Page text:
Designed by golf legend Arnold Palmer, Crescent Pointe Golf Club’s 18-hole, 6,773-yard course takes golfers on a journey through the shadows of skyscraping pines and oaks amid the unfurled petals of blooming magnolias. Generous fairways provide ample runways for flush drives and golf-obsessed extra terrestrials, and the course compensates with dramatically sloped, elevated greens with enough subtle breaks to give any smooth-putting golflete a case of the yips. The par 71 presents birdie opportunities at all three of its par 5's, though each one will challenge club-flailing composure with forced-carry water hazards. Expansive beach bunkers threaten to ensnare wayward balls on several holes, where conservative players would be wise to simply wedge the ball back into the fairway and pay a one-stroke fealty to their despotic sand-trap rakes. To prepare for rounds, divoteers can straighten out unsightly slices and snap-hooks at the club’s driving range or sign up for a lesson with PGA professional Stephen Neville.
Course at a Glance:
18-hole, par 71 course designed by golf legend Arnold Palmer
Length of 6,773 yards from the farthest tees
Three tee options available
Link to scorecard
Designed by 25-time PGA Tour tournament winner Davis Love III, Eagle's Pointe Golf Club's 18-hole, 6,738-yard course unfurls an emerald map of kempt fairways sculpted through oaks and pines and kissed by native wetlands. Throughout the course, tree-lined fairways criss-cross lowland water hazards to form an intermediately long layout where off-kilter swings may result in lost balls and winded golf carts. Sporting the boldly contoured greens that have become Davis Love III's calling card, the course places a high premium on pinpoint approaches that leave manageable two-putts. To prepare for rounds, players can warm up their swings at the driving range, where grass hitting areas emulate course conditions alongside artificial mats that wait eternally for the stinging rip of a divot to validate their claim to authentic existence.
Course at a Glance
18-hole, par-71 course designed by Davis Love III
Length of 6,738 yards from the farthest tees
Course rating of 73.1 from the farthest tees
Slope rating of 136 from the farthest tees
Four tee options available
Link to scorecard
The Shoemaker clan has been sailing around the East Coast since the 1600s, making the family as native to South Carolina as the state's alligators and seaside bluffs resembling John C. Calhoun. After inheriting an in-depth aquatic knowledge from his father, who spent 25 years as a commercial fisherman, Captain Chris Shoemaker—a Coast Guard–licensed captain—conveys that love of the water to even more generations by leading fishing, shrimping, and crabbing excursions on his 24-foot Carolina Skiff boat. Collectively known as May River Excursions, Captain Chris and his crew make twice-daily trips to Daufuskie Island, a rustic, historical idyll with a single schoolhouse, dirt roads, and wild bald eagles, armadillos, and alligators that still comprise the island's local constabulary. The guides also lead regular 90-minute tours along the May River in search of ospreys, egrets, and dolphins, always including a history lesson about the country surrounding the towns of Bluffton and Hilton Head.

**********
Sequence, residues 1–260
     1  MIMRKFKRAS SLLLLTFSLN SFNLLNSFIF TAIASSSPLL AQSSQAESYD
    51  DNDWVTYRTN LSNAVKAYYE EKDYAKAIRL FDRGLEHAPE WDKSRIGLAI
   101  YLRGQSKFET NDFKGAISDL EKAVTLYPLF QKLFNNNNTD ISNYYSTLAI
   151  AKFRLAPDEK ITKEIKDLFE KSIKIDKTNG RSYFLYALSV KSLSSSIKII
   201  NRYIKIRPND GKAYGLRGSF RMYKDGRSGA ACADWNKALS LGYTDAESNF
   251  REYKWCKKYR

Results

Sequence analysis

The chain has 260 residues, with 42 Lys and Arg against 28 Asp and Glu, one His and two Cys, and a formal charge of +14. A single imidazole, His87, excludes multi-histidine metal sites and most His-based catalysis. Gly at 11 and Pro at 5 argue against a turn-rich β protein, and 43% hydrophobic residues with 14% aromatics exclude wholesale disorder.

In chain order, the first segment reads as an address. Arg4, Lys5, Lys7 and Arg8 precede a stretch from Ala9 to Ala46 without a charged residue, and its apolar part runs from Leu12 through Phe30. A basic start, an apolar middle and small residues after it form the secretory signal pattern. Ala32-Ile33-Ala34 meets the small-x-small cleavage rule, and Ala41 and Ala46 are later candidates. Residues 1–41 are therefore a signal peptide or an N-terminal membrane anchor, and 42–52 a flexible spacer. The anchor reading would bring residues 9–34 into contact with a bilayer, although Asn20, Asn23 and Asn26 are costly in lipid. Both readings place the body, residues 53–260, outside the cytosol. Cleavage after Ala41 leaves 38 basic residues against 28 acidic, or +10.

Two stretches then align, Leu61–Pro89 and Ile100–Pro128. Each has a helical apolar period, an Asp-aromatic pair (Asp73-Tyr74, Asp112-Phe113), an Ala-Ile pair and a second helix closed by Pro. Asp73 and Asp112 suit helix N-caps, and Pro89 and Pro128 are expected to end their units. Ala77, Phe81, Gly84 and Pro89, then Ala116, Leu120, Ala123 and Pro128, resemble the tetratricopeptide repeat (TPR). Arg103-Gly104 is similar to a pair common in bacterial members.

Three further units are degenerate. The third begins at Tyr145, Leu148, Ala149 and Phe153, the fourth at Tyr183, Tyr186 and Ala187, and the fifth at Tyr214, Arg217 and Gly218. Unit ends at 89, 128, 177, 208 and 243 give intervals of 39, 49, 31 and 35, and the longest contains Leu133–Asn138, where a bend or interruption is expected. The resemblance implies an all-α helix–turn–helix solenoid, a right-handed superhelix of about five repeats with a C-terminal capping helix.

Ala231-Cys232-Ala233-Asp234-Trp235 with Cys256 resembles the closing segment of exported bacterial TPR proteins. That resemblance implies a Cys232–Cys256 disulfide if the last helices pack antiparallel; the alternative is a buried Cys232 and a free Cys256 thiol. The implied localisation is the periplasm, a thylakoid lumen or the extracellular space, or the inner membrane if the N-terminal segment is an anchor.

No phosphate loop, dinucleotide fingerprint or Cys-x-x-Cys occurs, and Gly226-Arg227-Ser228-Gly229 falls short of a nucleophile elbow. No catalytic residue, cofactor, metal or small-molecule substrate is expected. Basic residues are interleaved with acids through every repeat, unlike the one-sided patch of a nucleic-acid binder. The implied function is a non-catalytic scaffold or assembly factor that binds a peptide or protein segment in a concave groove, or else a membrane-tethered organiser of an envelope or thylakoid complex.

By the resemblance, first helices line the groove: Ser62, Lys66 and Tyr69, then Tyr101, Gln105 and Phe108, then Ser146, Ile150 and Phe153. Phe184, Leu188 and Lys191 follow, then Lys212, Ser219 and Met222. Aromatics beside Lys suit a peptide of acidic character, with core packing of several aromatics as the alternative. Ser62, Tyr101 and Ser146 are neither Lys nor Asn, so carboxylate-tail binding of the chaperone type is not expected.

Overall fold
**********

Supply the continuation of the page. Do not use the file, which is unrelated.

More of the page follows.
John Juarez had already developed a passion for the martial arts when he joined the Marine Corps at age 18. He spent 11 years in the military, honing his skills and participating in various combat sports. It wasn't until after he left the service, though, that he began participating in MMA. His background and training proved a good fit, and he quickly rose from amateur fighter to professional, training with legendary heavy-weight champion Randy Couture.
But, John wasn't content just training himself. So, in 2009, he opened RipTide MMA where he passes on his knowledge to others and fosters an understanding and respect for MMA in South Carolina. He and his team of trainers teach a blend of boxing, Brazilian jiu-jitsu, and muay thai to give students a broad striking and grappling game. While many people practice for fitness and fun, John also runs a team for those who wish to compete. He even sponsors two amateur MMA fights a year for his students to participate in.
Once the site of a horse farm, the grounds at Old Carolina Golf Club now cushion the footfalls of a different type of shoe. Across the 9-hole, 3,365-yard course, golfers dig their spiky soles into fairways lined with everything from palm trees to Carolina pines to bunkers filled with grains of sand so white that golf balls mistake them for family members.
Designed by ASGCA member Clyde Johnston—the veteran course architect behind dozens of courses in the southeastern United States—Old Carolina Golf Club makes artful use of its surrounding scenery. White fences staked into the turf hearken back to the course's equestrian roots, and water hazards populated by native waterfowl and alligators add to the grounds' lowcountry charm.
Laid out by golf course architect Tommy Fazio, The Golf Club at Hilton Head Lakes effortlessly weaves through the natural fabric of the land's lakes and wetlands. More than 7,300 yards, the course challenges golfers of all ilk to navigate around curvilinear greens, chip past strategically placed bunkers, and avoid raccoons playing freeze tag. Copious fairways and five sets of tees also call for mindful decision-making, planning, and ingenuity. The club rounds out its golfing experience with a 36-acre training facility boasting target greens, bunkers, and practice greens, as well as a golf shop and café.